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Why spy novels are still a great read?

Updated: Sep 11, 2020

Espionage thrillers are still a growing genre despite the Cold War ending more than two decades ago. They have action, pace, heroic exploits by flawed characters, strong plots, the larger than life villain of the piece and the obligatory twist that you never see coming. However, the essential characteristic of a spy novel is that the main protagonist is a spy who leads a double life.


The better novels make excellent films, as Robert Ludums' Jason Bourne books can attest to. Lee Childs, John LeCarre and the father of them all, Ian Fleming describe worlds filled with intrigue, the bulldog spirit and the ethical loner willing to die in the service of his Country. It is usually a hero rather than heroine.


There is something evocative about a person who forgoes a personal life to ensure the rest of us can live ours in ignorant bliss. We leave the perils and enemies of our country to be defeated in clandestine wars whilst we shop at the Tesco express or play taxi to our kids.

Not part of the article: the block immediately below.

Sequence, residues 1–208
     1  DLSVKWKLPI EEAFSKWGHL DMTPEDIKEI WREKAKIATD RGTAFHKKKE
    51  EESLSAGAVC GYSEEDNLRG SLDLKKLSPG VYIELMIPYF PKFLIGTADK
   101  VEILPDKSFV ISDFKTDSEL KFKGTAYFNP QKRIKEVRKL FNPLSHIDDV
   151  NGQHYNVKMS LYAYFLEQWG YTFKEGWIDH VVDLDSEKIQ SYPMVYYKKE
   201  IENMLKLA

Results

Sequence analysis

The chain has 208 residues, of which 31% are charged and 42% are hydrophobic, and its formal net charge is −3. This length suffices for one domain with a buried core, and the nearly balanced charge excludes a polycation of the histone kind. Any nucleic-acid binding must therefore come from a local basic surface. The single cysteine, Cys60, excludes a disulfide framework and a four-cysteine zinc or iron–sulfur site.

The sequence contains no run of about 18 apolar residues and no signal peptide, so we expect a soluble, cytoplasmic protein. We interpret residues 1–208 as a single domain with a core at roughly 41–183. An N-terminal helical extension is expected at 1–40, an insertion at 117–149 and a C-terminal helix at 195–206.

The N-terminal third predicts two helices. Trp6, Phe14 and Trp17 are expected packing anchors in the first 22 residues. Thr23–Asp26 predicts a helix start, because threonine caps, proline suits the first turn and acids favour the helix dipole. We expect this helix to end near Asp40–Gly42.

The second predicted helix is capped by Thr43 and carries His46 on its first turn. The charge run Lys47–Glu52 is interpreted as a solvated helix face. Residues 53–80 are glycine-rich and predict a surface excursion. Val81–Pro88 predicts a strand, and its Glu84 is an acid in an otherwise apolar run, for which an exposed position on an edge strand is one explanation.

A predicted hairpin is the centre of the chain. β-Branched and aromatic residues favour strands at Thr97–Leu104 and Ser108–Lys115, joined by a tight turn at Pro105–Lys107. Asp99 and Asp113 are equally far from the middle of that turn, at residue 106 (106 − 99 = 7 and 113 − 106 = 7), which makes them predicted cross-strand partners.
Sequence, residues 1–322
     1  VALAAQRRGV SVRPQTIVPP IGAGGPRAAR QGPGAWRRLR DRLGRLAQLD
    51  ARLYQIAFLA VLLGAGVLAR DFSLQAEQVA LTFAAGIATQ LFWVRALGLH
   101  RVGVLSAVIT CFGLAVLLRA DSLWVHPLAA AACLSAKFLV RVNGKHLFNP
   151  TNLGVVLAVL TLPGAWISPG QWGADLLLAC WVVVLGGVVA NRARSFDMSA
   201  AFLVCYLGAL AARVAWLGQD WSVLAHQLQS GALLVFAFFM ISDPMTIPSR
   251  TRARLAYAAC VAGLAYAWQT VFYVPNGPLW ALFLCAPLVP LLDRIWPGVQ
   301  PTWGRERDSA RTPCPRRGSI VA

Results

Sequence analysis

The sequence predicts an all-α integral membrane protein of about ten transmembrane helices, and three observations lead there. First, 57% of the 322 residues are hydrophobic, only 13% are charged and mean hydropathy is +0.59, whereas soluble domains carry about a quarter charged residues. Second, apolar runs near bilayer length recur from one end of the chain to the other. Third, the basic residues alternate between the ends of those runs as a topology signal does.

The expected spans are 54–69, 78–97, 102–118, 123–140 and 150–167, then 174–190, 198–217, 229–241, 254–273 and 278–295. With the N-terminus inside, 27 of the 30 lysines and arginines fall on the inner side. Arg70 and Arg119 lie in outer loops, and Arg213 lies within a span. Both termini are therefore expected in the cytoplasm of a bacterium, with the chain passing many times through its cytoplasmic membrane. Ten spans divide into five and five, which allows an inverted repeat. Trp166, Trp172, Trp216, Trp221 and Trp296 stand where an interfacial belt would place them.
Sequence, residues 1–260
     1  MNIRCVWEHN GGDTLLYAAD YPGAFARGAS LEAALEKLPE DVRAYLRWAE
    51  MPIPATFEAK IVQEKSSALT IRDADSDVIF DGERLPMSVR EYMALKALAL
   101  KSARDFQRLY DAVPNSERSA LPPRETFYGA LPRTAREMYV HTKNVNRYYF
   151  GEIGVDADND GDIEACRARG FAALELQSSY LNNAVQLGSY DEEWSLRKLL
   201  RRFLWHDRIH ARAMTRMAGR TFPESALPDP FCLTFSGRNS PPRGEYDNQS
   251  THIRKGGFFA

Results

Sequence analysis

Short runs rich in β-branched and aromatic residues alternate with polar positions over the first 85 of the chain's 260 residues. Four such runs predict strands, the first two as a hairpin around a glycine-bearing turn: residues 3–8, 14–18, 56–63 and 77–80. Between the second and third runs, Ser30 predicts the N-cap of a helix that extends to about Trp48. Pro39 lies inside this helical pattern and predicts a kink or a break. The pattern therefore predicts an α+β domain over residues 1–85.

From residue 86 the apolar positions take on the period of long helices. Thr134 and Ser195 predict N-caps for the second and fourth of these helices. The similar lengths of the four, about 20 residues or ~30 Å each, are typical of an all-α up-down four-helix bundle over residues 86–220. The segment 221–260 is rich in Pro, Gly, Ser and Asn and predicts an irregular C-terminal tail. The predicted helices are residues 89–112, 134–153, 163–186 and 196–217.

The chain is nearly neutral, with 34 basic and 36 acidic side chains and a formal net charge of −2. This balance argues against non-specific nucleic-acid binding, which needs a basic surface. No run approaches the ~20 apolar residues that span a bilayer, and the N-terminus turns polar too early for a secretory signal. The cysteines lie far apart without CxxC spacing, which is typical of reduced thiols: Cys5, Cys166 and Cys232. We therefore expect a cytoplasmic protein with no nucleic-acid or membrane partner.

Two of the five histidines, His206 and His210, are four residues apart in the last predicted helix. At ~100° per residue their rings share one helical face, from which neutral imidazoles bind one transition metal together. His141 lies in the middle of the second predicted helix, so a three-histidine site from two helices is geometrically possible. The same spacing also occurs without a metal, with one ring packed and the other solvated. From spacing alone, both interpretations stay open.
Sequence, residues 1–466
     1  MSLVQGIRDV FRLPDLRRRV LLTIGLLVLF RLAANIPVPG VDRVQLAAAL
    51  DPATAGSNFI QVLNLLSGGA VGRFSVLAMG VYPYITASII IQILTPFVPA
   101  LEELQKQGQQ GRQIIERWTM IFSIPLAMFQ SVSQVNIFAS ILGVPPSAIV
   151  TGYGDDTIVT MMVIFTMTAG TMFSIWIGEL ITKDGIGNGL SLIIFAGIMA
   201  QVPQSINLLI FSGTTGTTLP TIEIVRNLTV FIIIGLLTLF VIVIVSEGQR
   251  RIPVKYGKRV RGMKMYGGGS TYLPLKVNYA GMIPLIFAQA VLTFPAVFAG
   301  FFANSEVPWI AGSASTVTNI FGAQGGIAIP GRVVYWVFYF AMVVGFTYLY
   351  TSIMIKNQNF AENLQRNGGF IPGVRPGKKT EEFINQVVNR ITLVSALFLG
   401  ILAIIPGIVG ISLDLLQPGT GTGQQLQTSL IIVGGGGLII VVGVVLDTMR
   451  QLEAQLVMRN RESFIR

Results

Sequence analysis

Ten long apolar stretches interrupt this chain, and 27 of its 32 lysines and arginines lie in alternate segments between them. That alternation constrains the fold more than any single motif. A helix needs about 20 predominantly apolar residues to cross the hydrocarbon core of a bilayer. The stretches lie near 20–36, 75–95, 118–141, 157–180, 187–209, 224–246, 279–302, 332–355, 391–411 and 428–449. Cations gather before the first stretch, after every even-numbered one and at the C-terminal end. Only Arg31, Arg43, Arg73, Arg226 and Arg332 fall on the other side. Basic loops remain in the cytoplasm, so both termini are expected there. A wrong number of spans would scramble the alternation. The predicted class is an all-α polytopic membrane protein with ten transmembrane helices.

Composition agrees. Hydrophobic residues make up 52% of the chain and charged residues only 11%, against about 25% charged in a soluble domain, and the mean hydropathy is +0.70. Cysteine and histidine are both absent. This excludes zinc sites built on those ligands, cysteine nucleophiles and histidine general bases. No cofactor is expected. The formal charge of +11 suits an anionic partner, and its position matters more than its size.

For me, the appeal of spy fiction comes from us, the readers, wanting to be challenged to solve the mystery along with the main character. In spy fiction, the main characters always live exciting lives. They have no constraints of normality, like a 9 to 5 working day. They never get bogged down by mundane schedules. Everyone drinks cocktails or hard spirits, there is not a glass of Prosecco in sight. They live on fast food, if they eat at all and rarely need a bathroom other than to mop the blood up from their last fight.


The reality is we all love the excitement and the intrigue. Anything that arouses our curiosity and hints at the illicit and we are hooked. It is the pure escapism that we enjoy so much. When most of us live treadmill lives that lack even basic variety, we can live vicariously through our favourite characters.


We like to understand what makes people tick and we are fascinated by the human behaviour laid bare by the genre. If there is a mystery to solve, we want to get there before the author reveals it.


The great authors of the genre also pose ethical dilemmas for us to wrestle with. When is one life worth forfeiting to save a number of others and exactly how many lives is one life worth? Would you commit a treasonable act if the cause was just: world peace, the stop of a pandemic or the assassination of a despot?


The Cold War maybe over but by swapping the geographical locations from Russia to China or the Middle East, the spy novel is still alive and kicking. Combining the intrigue and complexity of the traditional spy plot with contemporary themes and skilfully realised locations brings us new stories for the 21st Century.


So fans of spy fiction like me can still rejoice. The spies are coming back in from the cold and there is still plenty of intrigue and double crossing tales to keep us guessing.

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